In general, if you know someone to be a danger to others you have a duty to do something about it. Exactly what you are obliged to do depends on the person, the situation and you. At the very least you ought to warn others.
In general, and apart from such basic duties as not to interfere with others (more pompously, to respect their autonomy), to keep your promises to them, not to harm them and not to burden them, your strongest duties are those you take on voluntarily, such as those you acquire by taking up a profession.
The professions hold themselves out to us as entitled to special privileges because of their special knowledge. We trust them, we rely on them, we place ourselves in their hands for specific purposes, because when paid for their work they promise to look after our interest before their own. Part of that promise is a special duty to hold members of the profession accountable to professional standards and to exclude persons who fail those standards.
So members of the medical profession have both a very strong duty and a special duty to protect us from dangerous doctors. A book has come out showing that doctors are grossly— indeed, grotesquely —derelict in this duty.
Marty Makary has published Unaccountable: What Hospitals Won’t Tell You and How Transparency Can Revolutionize Health Care. Consider this quotation:
Years ago, one of my favorite public-health professors, Harvard surgeon Dr. Lucian Leape, opened the keynote speech at a national surgeons’ conference by asking the thousands of doctors there to “raise your hand if you know of a physician you work with who should not be practicing because he or she is too dangerous.” Every hand went up. Doing the math, I figured that each one of these dangerous doctors probably sees hundreds of patients each year, which would put the total number of patients who encounter the dangerous doctors known to this audience alone in the hundreds of thousands. If, say, only 2 percent of the nation’s 1 million doctors are seriously impaired or fraudulent (and most experts agree that 2 percent is a low estimate), that would mean 20,000 impaired or fraudulent doctors are practicing medicine. If each one of these doctors typically sees 500 patients each year, then 10 million people are seeing impaired or fraudulent doctors annually. Incredulous at the numbers, I took to asking the same question whenever I spoke at conferences. And the response was always the same.
from extract online here http://www.thedailybeast.com/newsweek/2012/09/16/are-hospitals-less-safe-than-we-think.html
Just take that in for a second: thousands of doctors admitted that they personally knew a doctor ‘who should not be practicing because he or she is too dangerous’. What??!!!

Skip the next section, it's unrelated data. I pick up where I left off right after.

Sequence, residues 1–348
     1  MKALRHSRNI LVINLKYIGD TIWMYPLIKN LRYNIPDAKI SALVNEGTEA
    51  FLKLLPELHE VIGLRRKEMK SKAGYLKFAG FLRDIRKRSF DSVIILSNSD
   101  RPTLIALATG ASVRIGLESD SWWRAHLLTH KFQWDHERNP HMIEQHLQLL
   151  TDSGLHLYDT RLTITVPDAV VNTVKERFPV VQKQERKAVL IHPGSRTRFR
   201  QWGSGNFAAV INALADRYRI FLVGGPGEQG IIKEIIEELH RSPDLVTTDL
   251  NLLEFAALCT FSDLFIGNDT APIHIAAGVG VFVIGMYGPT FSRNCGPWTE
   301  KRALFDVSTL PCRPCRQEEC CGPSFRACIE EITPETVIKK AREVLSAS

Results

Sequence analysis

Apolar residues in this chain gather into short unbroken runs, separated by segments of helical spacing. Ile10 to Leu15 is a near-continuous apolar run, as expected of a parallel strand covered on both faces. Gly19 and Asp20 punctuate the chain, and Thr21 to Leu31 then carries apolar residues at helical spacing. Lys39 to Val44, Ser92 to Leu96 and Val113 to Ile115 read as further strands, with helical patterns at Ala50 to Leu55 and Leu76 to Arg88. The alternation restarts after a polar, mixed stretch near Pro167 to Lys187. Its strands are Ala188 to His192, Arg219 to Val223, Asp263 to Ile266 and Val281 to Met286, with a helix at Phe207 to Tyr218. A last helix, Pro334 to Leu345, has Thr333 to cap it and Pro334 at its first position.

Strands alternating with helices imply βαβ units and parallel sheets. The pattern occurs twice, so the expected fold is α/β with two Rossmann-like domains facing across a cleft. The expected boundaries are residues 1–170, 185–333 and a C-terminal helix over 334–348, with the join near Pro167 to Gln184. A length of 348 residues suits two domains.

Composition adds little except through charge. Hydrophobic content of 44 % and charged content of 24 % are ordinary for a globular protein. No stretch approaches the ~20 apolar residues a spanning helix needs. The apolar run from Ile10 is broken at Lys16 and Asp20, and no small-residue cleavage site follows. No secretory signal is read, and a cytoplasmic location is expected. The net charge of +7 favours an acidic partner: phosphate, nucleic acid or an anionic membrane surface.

It seems clear from Makarty’s remarks that those doctors did nothing about that fact. Indeed, from something else she says it looks as if doctors who know a colleague is dangerous don’t just do nothing to protect us from the dangerous doctor, they actually protect that dangerous doctor at our risk. Consider the import of this quotation:
In other words, everyone who works in medicine knows about this problem but few talk about it. A cardiovascular anesthesiologist once described to me a colleague who was one of four heart surgeons at his well-known heart hospital. This surgeon had six consecutive deaths during routine bypass surgery. Half the operations of his last 10 surviving patients took several hours longer than the norm, often requiring the patient to be put back on the heart-lung bypass machine after having come off it. I asked my friend if he ever thought about reporting this surgeon to someone. He laughed and asked, “Like who?” The hospital administration loved this young doctor and was making a mint off his work. The senior partners were very protective of him—he covered their holiday shifts and happily tended to whatever the senior surgeons did not like to do. Whenever one of his complications was discussed at a peer-review conference, they cut him tremendous slack, attributing the death to some extenuating patient circumstance. My friend listened to all these excuses offered up in conference. As an anesthesiologist who had to work every day with the surgeons sitting in the peer-review conference, he decided to keep his mouth shut.
Obviously, the behaviour of every single one of these doctors is grossly immoral. If, as she says, it is true that everyone who works in medicine knows this problem then every single doctor is immorally failing to protect us from dangerous doctors. Furthermore, it is not as if each doctor is sitting there knowing the danger on their own. It is common knowledge, in the stringent technical sense of common knowledge. For example, once they all put up there hands at the conference, not only does everyone know it but everyone knows that everyone else knows it, etc. So there just is no excuse here. Yes, it’s hard to work out just what to do in any particular case, but what is apparent from what Makarty is saying is that doctors are doing nothing. As I said, this is a gross and grotesque dereliction of duty by doctors.
Originally at http://blog.
Originally at http://blog.